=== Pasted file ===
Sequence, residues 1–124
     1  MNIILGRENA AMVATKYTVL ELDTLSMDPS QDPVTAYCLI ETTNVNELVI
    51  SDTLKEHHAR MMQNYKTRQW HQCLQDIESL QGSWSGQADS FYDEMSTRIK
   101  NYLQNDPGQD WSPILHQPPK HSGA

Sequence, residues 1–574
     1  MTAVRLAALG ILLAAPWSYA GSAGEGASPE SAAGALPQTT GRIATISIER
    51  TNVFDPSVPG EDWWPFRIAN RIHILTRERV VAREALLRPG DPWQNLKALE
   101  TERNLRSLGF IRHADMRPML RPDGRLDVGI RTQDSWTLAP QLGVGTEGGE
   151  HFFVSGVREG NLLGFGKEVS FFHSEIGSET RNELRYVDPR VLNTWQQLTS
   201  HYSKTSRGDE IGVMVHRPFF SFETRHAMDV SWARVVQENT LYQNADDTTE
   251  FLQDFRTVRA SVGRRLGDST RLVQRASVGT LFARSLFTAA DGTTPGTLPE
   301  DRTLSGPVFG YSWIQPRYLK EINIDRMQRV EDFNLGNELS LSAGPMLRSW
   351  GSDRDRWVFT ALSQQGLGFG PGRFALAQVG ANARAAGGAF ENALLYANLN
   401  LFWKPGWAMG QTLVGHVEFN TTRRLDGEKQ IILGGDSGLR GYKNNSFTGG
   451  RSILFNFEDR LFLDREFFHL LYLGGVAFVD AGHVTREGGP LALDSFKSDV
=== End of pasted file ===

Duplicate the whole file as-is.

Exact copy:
Sequence, residues 1–124
     1  MNIILGRENA AMVATKYTVL ELDTLSMDPS QDPVTAYCLI ETTNVNELVI
    51  SDTLKEHHAR MMQNYKTRQW HQCLQDIESL QGSWSGQADS FYDEMSTRIK
   101  NYLQNDPGQD WSPILHQPPK HSGA

Sequence, residues 1–574
     1  MTAVRLAALG ILLAAPWSYA GSAGEGASPE SAAGALPQTT GRIATISIER
    51  TNVFDPSVPG EDWWPFRIAN RIHILTRERV VAREALLRPG DPWQNLKALE
   101  TERNLRSLGF IRHADMRPML RPDGRLDVGI RTQDSWTLAP QLGVGTEGGE
   151  HFFVSGVREG NLLGFGKEVS FFHSEIGSET RNELRYVDPR VLNTWQQLTS
   201  HYSKTSRGDE IGVMVHRPFF SFETRHAMDV SWARVVQENT LYQNADDTTE
   251  FLQDFRTVRA SVGRRLGDST RLVQRASVGT LFARSLFTAA DGTTPGTLPE
   301  DRTLSGPVFG YSWIQPRYLK EINIDRMQRV EDFNLGNELS LSAGPMLRSW
   351  GSDRDRWVFT ALSQQGLGFG PGRFALAQVG ANARAAGGAF ENALLYANLN
   401  LFWKPGWAMG QTLVGHVEFN TTRRLDGEKQ IILGGDSGLR GYKNNSFTGG
   451  RSILFNFEDR LFLDREFFHL LYLGGVAFVD AGHVTREGGP LALDSFKSDV